Reputation is in the eye of the beholder

Journalists looking for comments or analysis tend to wheel out their favourite spokesperson every time a relevant story hits the headlines.

To the media audience that spokesperson becomes just like a chart hit – a song repeated so many times that it seeps into your subconscious. Its familiarity means you start to like it, and as soon as you hear the first notes, your reaction is immediately positive.

When a spokesperson is regularly asked to provide observations or give context to a story, that person becomes recognised as the expert in their field. As their familiarity grows, their reputation soars, and with it their own personal success.

In the UK, every time a story about mortgages hits the headlines, the go-to person is Ray Boulger from the mortgage advice company John Charcol. Mr Boulger appears frequently on the BBC, Sky and ITV. His blog boasts that “last year, Ray was voted guru of the year at the Headlinemoney awards by all of the nation’s money and property journalists.” Here he is on BBC Radio 4, offering mortgage advice to the Money Box Live audience..

Meanwhile the nation’s favoured expert in consumer affairs is Martin Lewis. In 2003 the former BBC business and personal finance journalist founded the consumer website He sold it 9 years later for around £87 million GBP. Now, still the site’s Editor-in-Chief, he is a regular media pundit, marketing himself as a “consumer campaigner” and “consumer champion”, and discussing everything from personal finance to energy bills. Here he is analysing the recent UK budget on behalf of The Telegraph newspaper.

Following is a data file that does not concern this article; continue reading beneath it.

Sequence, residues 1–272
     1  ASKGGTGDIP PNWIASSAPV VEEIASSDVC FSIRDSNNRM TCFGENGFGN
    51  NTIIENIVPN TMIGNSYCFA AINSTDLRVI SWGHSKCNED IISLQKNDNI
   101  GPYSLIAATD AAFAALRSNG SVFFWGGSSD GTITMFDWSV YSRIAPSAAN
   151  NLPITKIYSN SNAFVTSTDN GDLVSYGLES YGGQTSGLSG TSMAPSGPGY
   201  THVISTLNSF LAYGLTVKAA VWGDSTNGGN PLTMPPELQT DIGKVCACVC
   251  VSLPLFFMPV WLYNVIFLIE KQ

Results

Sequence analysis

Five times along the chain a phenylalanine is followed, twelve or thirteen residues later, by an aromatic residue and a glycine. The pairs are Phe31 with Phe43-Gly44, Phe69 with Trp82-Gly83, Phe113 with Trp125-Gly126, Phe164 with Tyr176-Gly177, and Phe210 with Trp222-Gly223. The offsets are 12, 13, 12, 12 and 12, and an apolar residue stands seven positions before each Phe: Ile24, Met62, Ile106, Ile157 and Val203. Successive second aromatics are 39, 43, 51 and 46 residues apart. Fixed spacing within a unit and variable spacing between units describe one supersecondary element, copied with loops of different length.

Ray Boulger and Martin Lewis are just two experts among many in their fields. Yet they are nationally renowned as the faces of mortgage advice and consumer issues respectively. So how did they get to that position? Are they better than any other mortgage adviser or consumer specialist? Are they more qualified or more skilled? Are their credentials superior? Or do they just know how to work the media to their advantage?

While both are undoubtedly consummate professionals, they also both have the benefit of being great at self-publicity. They know how to take advantage of society’s 24/7 requirements for news, and they use the media exceptionally well to get their own messages across.

Becoming a media spokesperson doesn’t involve rocket science. Ray Boulger and Martin Lewis just happen to know what they’re doing. And there’s no reason why you can’t follow in their footsteps and put yourself forward as the expert of choice in your own field.

You’ll need an understanding of the media and some techniques for answering questions successfully. A touch of professional BBC media training and you can be well on the way to becoming “guru of the year” yourself.

Just as beauty is in the eye of the beholder, so are expertise and reputation. Make yourself familiar to the beholder (the media audience) and you’ll boost your reputation. Boost your reputation, and the sky’s the limit. Well done Ray and Martin, and well done you.